The Board welcomed the Local Authority (LA) recovery plan which highlights the pressures that LAs are under and proposes a way forward to re-start the regulatory delivery system for the highest risk businesses and providing greater flexibility for lower risk businesses wherever possible. The Board endorsed the proposals for monitoring LA delivery during the recovery period and the proposal to develop appropriate key performance indicators and performance support.
The recovery plan reflects on the ongoing pressures that the pandemic is placing on LA food teams, as well as the impacts of changes in the hospitality sector and wider food industry. The plan focuses on ensuring appropriate safeguards for public health and consumer protection and takes account of the direction of travel for reforming the regulatory system.
Ruth Hussey, FSA Board Interim Chair, said:
“The Board recognises how challenging the situation has been for local authorities, and the unprecedented impact of the situation on them. The effort that Environmental Health Officers have made toward the COVID response at a local level has been immense. But it’s important the focus must now be shifted back onto the food hygiene and the food standards system.”
While COVID-19 has brought extreme and unforeseen pressures on LAs, it is pre-dated by longer term pressures on food regulation that the FSA needs to address.
The Board considered progress on the Achieving Business Compliance programme, noting it had not been at the expected pace over the last year due to COVID-19 and EU Exit. The Board endorsed the direction of travel, particularly the emphasis on protecting consumers when purchasing food online. Discussing the proposed approach to regulating large businesses at an enterprise level, the Board agreed that this should move to pilot phase but asked the executive to take into account other risk factors beyond legal compliance, including the scale of any potential harm. They also asked that the potential costs and competitive disadvantage to smaller businesses be taken into account when developing the detailed plans for the next phase.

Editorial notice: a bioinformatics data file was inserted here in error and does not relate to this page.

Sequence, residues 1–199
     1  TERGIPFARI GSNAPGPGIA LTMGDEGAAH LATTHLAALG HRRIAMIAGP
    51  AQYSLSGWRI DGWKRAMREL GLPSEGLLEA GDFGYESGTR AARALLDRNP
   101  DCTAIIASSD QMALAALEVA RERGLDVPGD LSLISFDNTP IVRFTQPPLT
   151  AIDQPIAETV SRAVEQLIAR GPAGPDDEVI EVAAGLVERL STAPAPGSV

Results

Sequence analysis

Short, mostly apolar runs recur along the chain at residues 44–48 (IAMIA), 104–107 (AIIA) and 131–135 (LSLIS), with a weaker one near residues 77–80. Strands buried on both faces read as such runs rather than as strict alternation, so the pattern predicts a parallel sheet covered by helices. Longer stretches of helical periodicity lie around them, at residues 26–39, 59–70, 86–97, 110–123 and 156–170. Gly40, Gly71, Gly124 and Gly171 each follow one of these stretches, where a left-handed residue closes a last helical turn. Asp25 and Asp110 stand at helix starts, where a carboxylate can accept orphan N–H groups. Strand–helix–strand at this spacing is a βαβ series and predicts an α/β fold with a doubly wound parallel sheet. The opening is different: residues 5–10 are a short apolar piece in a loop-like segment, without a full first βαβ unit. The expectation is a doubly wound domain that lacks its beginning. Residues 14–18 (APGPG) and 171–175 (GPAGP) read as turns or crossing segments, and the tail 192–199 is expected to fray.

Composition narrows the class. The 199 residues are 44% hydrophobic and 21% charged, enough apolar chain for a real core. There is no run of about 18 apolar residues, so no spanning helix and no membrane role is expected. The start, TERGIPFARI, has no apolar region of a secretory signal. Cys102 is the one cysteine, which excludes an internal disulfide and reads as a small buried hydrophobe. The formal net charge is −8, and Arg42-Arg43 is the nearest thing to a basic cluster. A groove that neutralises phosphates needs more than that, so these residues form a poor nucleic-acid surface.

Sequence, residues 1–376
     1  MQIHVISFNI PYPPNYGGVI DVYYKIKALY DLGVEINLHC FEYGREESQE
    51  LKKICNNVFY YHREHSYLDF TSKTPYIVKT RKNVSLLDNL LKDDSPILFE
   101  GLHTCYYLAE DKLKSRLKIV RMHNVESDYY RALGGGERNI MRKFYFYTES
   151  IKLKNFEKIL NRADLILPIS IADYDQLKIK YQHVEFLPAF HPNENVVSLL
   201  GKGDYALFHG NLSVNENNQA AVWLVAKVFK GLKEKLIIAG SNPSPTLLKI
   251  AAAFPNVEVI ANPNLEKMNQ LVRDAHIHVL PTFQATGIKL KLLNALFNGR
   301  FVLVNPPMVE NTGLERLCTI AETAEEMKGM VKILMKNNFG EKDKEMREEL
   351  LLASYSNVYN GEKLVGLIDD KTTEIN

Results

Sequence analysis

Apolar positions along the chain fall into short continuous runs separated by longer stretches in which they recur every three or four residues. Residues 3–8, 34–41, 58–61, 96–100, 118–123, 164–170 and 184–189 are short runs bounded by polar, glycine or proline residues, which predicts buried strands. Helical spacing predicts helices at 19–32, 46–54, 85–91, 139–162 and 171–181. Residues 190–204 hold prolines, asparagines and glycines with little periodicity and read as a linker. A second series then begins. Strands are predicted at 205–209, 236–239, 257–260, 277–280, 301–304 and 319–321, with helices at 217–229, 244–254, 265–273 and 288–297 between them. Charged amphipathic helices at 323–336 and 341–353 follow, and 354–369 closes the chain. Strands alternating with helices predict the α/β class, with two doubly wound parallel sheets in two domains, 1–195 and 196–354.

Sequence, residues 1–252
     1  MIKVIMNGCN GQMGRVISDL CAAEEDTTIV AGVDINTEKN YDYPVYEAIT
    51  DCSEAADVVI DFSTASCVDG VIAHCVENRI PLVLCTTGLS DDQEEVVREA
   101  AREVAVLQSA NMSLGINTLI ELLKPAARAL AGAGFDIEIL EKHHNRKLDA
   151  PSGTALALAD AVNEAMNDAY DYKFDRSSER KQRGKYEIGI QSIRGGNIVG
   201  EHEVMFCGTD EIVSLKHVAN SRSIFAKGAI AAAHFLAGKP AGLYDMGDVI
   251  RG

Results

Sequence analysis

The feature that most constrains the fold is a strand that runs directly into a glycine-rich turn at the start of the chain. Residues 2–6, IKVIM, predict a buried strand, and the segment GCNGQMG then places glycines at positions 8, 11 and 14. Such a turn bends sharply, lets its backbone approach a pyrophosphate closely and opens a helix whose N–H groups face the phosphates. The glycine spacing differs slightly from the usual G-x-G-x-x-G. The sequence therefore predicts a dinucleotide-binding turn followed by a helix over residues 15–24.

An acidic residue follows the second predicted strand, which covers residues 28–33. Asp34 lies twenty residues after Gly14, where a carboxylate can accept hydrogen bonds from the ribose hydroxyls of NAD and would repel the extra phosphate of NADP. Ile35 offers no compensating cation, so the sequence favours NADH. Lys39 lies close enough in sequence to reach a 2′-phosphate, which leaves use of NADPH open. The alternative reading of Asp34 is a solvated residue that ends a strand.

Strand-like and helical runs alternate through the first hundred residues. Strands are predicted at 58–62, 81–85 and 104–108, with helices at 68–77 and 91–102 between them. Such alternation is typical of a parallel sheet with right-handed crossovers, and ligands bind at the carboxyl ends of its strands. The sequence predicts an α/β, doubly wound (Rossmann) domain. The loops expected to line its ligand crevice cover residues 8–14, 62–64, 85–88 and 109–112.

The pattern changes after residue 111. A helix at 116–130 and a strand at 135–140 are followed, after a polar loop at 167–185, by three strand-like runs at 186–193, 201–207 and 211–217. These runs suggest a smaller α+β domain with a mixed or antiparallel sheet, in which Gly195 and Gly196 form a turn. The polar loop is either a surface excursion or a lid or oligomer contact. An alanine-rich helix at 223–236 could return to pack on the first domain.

The meeting also saw the Board agree the FSA’s Operational Transformation Programme’s Future Delivery Model proposals, which again has been affected by COVID-19. The Board welcomed the proposals and noted the complexity of the change programme, particularly in relation to moving goods between Northern Ireland and GB and asked that stakeholder engagement takes account of these issues. The Board also focused on the transparency of data, the use of technology and veterinary resource elements of the proposals. The Board endorsed the seven key elements of the Future Delivery Model and agreed that the programme proceed to consultation on these proposals.
Overall, the Board recognised the amount of work being undertaken by both of these regulatory reform programmes, the Board endorsed the future approach which will seek to move focus to increasing compliance by moving from the current largely ‘one-size-fits-all’ model of regulation to more intelligence-led fully risk-based approaches, using science and evidence to identify and target interventions.
Emily Miles, Chief Executive also updated the Board on matters arising as a consequence of EU Exit, including risk analysis, import controls, food fraud, export certification, availability of official vets, and seawater classification for shellfish beds.
The full agenda and Board papers are available on the Board pages of our website. A recording of the meeting will be available later in the week.
Date of next meeting
The next meeting of the FSA Board will be on 16 June 2021.